On June 19, 2012, he gave a preposterous, incoherent speech about Syria on the House floor. In it, he makes the following assertions: 1) “Without outside interference, the strife – now characterized as a civil war – would likely be nonexistent.” And, 2) “Falsely charging the Russians with supplying military helicopters to Assad is an unnecessary provocation.” As any fool will notice, both claims are completely fallacious.
And as any fool will notice, Matt Johnson’s claims about how horrible a situation the world would be in if a Ron Paul had been president for the past several decades are completely fallacious. Matt is incapable of recognizing how the U.S. backing for the armed rebels in Syria has resulted in an escalation of the violence—for instance, how the supply of anti-tank weaponry to the rebels had the consequence of the regime deciding to for the first time employ its helicopters—just as he is incapable of recognizing the hypocrisy of the U.S. criticizing Russia for upholding contracts to perform maintenance on Syria’s old helicopters (yes, Russia did not deliver new choppers to Syria, but Syria had purchased them years ago, although Matt neglected to clarify that fact for his readers), while itself helping to arm, fund, and train the rebel forces whose ranks—in case it hasn’t already been mentioned—include members of al Qaeda. When Ron Paul points out the fact that the U.S. is so doing, he “echoes the transparent propaganda of President Bashar al-Assad”, according to Matt. Facts be damned!
The takeaway message is that Ron Paul is a sinner, a heretic, a blasphemer, for having dared to challenge the status quo, by insolently demanding responsibility and accountability in government, by brazenly demanding that our government obey the Constitution and international law, by irrationally insisting that the government should not take money from Americans by force and hand it over to human rights abusers overseas, by audaciously suggesting that the U.S. should not interfere in the affairs of other nations by prolonging conflicts and escalating violence on the ground, etc., etc. (And this is not even to mention his atrocious positions on domestic policies, such as the Federal Reserve’s monetary policy, and how Ron Paul since at least as early as 2001 had been warning against the housing bubble and the financial crisis its collapse would precipitate, as well as warning against the policies that caused it.) Such outrageous blasphemy cannot be tolerated, and just the act of considering such heretical ideas, or even just contemplating the name “Ron Paul”, should give every decent and self-respecting American a headache and force them to choke down some aspirin to alleviate the pain from having acted against their own self-conscience and danced with the devil by actually listening to Ron Paul’s profane blasphemies against the state religion.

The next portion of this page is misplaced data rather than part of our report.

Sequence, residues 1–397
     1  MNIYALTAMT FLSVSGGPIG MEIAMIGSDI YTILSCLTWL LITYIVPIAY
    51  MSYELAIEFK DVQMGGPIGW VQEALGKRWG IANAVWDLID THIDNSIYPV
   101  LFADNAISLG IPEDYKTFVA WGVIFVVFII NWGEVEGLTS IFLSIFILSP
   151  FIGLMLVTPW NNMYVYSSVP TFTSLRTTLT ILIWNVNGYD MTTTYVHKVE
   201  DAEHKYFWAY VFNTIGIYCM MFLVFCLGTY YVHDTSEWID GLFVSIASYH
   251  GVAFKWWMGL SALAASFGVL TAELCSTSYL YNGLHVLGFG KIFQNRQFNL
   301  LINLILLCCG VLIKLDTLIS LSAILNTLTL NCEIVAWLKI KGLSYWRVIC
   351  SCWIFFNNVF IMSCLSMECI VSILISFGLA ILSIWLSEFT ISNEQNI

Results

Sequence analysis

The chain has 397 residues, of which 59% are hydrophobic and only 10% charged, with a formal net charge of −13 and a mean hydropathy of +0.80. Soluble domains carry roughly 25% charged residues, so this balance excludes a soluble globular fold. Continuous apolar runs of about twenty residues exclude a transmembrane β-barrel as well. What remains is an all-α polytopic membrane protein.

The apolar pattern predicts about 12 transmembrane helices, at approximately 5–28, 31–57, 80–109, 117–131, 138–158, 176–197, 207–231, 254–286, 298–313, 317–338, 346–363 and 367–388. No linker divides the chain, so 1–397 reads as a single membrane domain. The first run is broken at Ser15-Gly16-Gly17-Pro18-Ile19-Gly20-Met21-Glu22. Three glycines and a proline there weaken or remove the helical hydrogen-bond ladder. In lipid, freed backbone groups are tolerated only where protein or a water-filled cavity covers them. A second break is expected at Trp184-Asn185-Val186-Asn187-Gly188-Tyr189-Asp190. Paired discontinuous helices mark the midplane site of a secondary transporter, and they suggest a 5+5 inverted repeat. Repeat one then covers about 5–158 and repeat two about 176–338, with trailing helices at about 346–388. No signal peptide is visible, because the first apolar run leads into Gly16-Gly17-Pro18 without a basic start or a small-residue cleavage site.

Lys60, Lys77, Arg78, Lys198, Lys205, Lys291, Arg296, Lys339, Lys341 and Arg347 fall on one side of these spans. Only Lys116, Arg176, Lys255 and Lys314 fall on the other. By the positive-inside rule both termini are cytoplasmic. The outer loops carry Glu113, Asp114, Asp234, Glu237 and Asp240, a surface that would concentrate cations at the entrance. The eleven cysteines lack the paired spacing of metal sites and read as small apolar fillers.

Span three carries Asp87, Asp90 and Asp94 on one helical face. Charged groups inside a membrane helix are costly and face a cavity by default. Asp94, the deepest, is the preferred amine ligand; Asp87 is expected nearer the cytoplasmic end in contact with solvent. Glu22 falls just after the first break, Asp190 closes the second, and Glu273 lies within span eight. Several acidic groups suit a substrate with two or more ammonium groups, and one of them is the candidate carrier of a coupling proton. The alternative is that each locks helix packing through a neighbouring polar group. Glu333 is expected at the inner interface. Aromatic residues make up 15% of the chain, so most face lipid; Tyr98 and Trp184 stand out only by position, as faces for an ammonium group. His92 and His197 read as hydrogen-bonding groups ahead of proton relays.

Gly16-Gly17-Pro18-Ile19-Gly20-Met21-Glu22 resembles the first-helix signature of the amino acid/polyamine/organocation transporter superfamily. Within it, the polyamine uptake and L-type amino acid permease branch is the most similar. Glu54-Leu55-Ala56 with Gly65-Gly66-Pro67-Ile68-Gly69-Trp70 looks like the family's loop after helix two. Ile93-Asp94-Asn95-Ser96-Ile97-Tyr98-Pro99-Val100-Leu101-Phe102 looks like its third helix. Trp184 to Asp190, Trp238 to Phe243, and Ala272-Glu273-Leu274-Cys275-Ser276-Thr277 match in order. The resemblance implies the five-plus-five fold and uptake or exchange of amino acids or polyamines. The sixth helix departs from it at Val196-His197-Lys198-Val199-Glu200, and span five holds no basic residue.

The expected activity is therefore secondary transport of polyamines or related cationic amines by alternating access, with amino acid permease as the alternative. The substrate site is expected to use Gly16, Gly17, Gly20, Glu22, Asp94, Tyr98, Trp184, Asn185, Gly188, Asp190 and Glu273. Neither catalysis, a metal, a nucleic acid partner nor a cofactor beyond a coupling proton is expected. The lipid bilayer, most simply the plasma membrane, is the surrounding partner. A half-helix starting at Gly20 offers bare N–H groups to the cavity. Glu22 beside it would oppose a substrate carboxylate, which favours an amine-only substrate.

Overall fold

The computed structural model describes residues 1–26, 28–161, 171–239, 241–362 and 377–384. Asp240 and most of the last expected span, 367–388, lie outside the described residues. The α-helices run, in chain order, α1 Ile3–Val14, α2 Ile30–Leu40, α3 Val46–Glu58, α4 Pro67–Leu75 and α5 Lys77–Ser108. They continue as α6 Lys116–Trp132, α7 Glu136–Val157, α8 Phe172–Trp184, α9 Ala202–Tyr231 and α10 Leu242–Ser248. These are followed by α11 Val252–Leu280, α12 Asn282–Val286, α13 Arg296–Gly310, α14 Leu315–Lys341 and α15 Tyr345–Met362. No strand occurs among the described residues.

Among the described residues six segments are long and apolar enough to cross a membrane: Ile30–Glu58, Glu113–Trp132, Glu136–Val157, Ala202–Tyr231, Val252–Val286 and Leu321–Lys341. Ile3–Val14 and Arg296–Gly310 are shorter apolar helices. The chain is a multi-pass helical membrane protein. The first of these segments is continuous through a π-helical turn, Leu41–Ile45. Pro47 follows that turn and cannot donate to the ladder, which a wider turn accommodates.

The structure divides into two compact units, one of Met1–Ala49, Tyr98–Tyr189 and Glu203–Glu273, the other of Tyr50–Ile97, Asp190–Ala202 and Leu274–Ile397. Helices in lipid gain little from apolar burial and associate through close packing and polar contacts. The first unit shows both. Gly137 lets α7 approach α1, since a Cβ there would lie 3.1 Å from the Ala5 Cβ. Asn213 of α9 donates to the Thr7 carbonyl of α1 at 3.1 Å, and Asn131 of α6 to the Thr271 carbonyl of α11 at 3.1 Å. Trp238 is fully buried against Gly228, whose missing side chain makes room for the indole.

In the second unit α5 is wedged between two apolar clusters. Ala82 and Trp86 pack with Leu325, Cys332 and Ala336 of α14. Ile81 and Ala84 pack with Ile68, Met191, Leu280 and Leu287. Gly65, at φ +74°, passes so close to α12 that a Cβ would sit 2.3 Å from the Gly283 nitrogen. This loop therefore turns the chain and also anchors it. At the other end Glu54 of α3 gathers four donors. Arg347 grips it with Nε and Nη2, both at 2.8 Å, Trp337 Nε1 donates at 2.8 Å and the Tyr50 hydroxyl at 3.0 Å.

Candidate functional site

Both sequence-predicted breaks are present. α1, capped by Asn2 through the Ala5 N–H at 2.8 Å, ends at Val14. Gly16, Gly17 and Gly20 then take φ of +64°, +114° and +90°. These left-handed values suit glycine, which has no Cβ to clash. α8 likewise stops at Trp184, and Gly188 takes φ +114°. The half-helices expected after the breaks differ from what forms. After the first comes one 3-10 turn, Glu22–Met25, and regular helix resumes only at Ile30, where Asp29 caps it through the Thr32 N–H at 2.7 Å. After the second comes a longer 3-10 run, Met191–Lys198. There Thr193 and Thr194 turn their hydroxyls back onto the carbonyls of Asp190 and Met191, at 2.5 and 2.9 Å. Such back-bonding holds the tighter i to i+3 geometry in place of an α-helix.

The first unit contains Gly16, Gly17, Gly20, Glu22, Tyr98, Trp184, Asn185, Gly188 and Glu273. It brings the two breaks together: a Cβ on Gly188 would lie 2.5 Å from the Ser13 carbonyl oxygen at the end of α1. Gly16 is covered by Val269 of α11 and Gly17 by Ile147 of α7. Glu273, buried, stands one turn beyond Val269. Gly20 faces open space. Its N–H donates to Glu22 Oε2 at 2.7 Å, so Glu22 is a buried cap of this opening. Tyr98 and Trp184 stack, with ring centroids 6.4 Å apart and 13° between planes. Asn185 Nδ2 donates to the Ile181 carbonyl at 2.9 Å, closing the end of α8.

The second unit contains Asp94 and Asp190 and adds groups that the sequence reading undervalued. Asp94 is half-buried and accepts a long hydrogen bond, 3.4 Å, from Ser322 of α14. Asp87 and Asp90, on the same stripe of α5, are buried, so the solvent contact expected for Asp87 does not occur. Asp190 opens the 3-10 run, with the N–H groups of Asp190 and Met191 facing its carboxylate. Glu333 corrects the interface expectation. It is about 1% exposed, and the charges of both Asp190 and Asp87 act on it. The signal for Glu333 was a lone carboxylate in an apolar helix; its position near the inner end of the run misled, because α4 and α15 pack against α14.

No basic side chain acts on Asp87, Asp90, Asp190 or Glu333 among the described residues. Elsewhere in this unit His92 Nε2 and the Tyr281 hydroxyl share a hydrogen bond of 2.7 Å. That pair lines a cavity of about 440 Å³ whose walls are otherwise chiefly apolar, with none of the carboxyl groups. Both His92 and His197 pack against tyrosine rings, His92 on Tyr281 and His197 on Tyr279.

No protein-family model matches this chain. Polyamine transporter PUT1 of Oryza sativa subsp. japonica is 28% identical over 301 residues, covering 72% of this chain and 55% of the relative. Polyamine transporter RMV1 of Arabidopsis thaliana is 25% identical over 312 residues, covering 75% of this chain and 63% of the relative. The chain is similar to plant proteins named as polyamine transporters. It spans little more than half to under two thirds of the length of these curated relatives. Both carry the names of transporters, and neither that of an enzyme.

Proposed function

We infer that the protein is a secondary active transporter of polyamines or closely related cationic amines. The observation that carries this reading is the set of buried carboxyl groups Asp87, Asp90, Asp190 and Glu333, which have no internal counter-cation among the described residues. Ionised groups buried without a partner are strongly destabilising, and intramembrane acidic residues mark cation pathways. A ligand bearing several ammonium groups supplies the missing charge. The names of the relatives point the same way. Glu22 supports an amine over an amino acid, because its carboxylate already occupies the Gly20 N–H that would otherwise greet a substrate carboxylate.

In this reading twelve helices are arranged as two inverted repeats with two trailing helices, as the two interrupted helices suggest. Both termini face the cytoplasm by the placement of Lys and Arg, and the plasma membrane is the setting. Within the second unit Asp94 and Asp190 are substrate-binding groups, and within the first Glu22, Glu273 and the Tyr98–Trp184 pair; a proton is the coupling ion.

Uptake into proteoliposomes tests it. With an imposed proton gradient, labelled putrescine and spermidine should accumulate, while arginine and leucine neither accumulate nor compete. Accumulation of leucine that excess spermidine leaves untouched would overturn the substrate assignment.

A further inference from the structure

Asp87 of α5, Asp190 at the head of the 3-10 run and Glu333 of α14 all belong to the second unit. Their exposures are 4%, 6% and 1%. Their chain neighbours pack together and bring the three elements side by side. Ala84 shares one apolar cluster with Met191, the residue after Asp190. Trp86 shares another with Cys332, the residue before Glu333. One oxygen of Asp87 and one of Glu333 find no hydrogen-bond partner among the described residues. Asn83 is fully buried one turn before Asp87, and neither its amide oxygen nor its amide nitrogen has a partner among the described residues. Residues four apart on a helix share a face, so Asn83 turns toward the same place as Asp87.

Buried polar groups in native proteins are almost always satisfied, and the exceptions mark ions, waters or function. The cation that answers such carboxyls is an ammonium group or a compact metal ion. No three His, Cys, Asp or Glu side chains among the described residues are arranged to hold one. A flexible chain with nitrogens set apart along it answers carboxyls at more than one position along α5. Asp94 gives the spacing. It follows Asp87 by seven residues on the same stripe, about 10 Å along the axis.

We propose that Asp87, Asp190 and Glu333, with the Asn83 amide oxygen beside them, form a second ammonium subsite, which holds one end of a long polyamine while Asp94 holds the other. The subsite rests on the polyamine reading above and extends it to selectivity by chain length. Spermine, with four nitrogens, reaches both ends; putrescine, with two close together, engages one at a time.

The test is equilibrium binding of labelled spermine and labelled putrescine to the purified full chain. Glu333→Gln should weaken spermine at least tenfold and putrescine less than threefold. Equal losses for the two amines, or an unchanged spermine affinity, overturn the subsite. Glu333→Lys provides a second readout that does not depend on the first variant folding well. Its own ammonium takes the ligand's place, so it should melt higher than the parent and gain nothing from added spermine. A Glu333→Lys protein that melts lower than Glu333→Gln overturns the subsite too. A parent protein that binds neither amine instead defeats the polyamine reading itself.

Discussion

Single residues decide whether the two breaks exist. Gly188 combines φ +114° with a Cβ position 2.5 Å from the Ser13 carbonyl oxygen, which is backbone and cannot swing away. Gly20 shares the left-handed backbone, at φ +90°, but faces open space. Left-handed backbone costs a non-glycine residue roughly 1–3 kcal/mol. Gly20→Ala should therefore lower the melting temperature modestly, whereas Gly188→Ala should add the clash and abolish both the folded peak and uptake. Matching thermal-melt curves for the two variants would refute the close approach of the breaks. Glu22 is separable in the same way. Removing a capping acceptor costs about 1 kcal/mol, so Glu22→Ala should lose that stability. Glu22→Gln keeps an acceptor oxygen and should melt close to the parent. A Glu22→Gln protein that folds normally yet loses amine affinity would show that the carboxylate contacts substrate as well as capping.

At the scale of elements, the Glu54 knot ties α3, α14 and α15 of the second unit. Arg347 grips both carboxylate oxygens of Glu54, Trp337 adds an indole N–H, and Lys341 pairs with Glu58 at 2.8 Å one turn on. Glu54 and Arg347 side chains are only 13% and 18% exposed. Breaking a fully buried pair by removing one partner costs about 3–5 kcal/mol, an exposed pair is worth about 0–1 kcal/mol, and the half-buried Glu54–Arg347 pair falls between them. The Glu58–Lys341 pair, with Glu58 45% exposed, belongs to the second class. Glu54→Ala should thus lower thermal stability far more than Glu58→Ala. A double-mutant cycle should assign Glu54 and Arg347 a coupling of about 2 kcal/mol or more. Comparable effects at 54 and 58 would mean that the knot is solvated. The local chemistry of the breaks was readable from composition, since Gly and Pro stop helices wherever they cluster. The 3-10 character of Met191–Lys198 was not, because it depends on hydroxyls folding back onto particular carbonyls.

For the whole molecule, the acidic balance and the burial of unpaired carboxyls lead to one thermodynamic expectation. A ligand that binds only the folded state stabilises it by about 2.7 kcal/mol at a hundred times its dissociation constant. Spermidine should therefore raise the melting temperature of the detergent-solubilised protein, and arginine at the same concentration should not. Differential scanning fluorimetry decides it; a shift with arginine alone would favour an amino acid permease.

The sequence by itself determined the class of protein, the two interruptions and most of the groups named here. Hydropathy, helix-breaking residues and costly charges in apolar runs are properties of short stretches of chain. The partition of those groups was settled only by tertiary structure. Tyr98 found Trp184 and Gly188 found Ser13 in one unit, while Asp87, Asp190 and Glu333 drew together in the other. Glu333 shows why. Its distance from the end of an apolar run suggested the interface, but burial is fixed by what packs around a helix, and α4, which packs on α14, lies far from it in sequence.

And once the drug has dulled their senses, Americans can forget about this wicked presidential candidate who refuses to just go away and accept being “consigned to obscurity”, and think no more of him. Americans may then be tempted to contemplate his heresies no longer, but rest more easily at night knowing that the status quo will go on and that the existing establishment will keep on doing what it does, because America’s foreign policy is good and righteous and just, and that, in the view of obedient and self-disciplined commentators like Matt Johnson, is all Americans need to know.